I realise there are literally thousands of YouTubers uploading videos every week showing us all how simple it is to paint a car, but keep in mind, they are only showing you what they want you to see. They’re unlikely to show you or explain that they’ve been learning spray painting for months, if not years, before making their video. It reminds me of the DIY home improvement TV shows; there are now hundreds of articles available that reveal how fake most of that stuff is.

In any case, please avoid DIY car respraying; aside from the numerous quality issues, the respraying process can be dangerous if you don’t have the proper protective equipment; some paints emit toxic fumes, so there’s plenty to think about before letting someone convince you that painting your own car is a good idea.

The nuts and bolts details of getting your car resprayed.

painting your car

Overall, car respraying is an appealing endeavour, particularly if you want to restore the lustre of a beloved vehicle. However, because painting surfaces is mostly cosmetic, your car should be thoroughly inspected before getting a new paint job. Painting your car is pointless if the underlying structure and panels require extensive rust repair work. Contact a panel beater/spray painter if you need help detecting signs of damage. Then you can have your car resprayed, enjoy its brand-new look and feel, and not have to worry about any unpleasant surprises with the paint job in the near future.

If your car isn’t too special (it’s not an exotic Hypercar), and you’re on a tight budget, you might want to avoid respraying it with the same type of paint.   Your vehicle may have been originally built & finished with a metallic or pearlescent paint job, both of which are significantly more expensive than a solid paint finish.

A Solid Paint finish is the most common paint option for cars, usually in white, red, black, or blue, with only one base coat and a clear coat of lacquer on top. The cost of solid paint finishes is approximately $40 per litre (paint costs, not paint job costs).

If you choose a Metallic Finish for your paint job, it looks great and gives your car a brighter, shinier finish. It is made by combining aluminium powder and paint and costs around $125 per litre (paint costs, not paint job costs).

If you want a pearlescent finish on your car, this product is made from infused ceramic crystals and processed similarly to metallic paint, and adding this finish to your car can set you back an additional $3,000 and sometimes much more.

Matte paint, which I dislike, gives your car’s finish a sandy, rough texture, it’s a flat, non-reflective paint job, and it typically costs around the same as solid paint (paint costs, not paint job costs).  

A Matte paint job is very fashionable, and the painting process is nearly identical to that of solid paint, with the exception of the clear-coat. The clear-coat on a matte finish paint job dries with a rough texture rather than a smooth texture, which gives matte finish paint jobs their distinct and apparently much desired surface texture.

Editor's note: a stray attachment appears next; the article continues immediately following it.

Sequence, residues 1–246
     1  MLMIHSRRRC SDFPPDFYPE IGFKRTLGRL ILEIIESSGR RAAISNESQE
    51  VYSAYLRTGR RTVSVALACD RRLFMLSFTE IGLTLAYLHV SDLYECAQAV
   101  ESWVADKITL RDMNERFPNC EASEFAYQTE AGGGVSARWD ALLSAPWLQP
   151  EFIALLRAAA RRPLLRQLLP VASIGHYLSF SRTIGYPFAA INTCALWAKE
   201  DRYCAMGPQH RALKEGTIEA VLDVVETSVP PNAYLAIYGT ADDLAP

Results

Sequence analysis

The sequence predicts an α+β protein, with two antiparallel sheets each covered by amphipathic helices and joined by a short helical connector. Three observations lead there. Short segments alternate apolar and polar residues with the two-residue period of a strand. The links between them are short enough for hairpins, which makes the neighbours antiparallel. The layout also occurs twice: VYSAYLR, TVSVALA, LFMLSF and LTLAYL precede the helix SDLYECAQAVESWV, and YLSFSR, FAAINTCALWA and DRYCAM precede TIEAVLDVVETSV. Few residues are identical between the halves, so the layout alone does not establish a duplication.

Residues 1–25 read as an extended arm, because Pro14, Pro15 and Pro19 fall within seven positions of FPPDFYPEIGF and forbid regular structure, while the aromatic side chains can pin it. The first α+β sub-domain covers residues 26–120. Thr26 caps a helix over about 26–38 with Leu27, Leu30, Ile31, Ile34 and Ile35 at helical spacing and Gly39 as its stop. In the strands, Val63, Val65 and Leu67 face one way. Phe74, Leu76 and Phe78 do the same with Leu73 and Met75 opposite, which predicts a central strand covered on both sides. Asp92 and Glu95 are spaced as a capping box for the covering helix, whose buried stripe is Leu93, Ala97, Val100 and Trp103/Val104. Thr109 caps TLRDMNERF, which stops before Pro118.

The method of vehicle respray is determined by the number of panels that need to be repainted or whether your car is being completely resprayed. If only a few panels need to be resprayed, they will be removed from your vehicle or masked off to avoid over-spray on other panels that don’t need to be repaired.

The affected panels will then be sanded down before a fresh coat of primer, colour, and clear coat is applied, restoring your vehicle to its original condition.

Your car will need to be disassembled before any work is done if you decide to fully repaint it. If the engine bay of your car is being painted a new colour, the engine must be removed. Every panel on your car will be sanded down and any dents fixed before a fresh coat of primer is applied. The new colour will be applied to your car’s paintwork before being covered in a fresh coat of clear coat to keep the new paintwork protected from the elements and looking glossy. 

The total cost of the paint job will naturally depend on:

1.     How much repair work was required?

2.    How willing your engine was to be removed from its bay?

3.    Whether you want to keep your car’s original colour or change it completely?

                         a.    Did you opt for a cheaper or more expensive finish than the original?

Where there is steel - there will be rust.

car rust bubble

Steel, which is created by combining iron and carbon, is used in almost every chassis and body of vehicles on the road.    Due to its low cost and simplicity in shaping using tools like stamping presses, steel is frequently used in the production of automobiles. The majority of cars are constructed from a mix of stainless steel, high carbon steel, mild (low carbon steel), and galvanised steel. 

Today’s cars are typically painted after being galvanised, giving them a barrier made of galvanised zinc. This helps prevent the underlying steel from being contaminated by pollutants and moisture.   Even with the protection of paint and galvanised zinc, the steel in our cars is always going to be potentially subject to the oxidation reaction process that leads to rust.

At best we can come up with ways to slow the rust process down, one of the ways you will see people with expensive car collections attempt to slow this process down is via storing their vehicles in plastic bubbles.

Restrict rust from harming your car.

be sure to treat your car and avoid rust

Your car’s paint job acts as a barrier between the bare metal and the elements, such as rain and all the crappy stuff that splashes up onto your car each year, and a good quality intact paint job will slow down rusting but will not necessarily prevent it from forming in the long run.

There are, however, specific types of rust-proofing coatings that can be applied over the top of your cars paint job and underneath your vehicle to maximise protection from rust and corrosion.  Rust-proofing coatings may cost around $1,200, but if you want to keep your vehicle for a long time and take care of it, they are an excellent option to consider.

Enjoy your car and take good care of it.

Do you love your car

The most fundamental maintenance you can do is washing your car. Apart from the obvious aesthetic benefits, maintaining a clean car helps to safeguard its exterior and improves visibility while driving. 

I personally like to wash my car once a week, and while that may not be for everyone, 

I don’t think you should go more than 4 weeks without washing your car because this is a good opportunity to carefully examine your paint job. 

Sure, there is outside factors, like the weather, how often you drive, and whether or not your car is dirty, that affect when you wash it, but giving your car regular TLC and a detailed examination is a very good idea.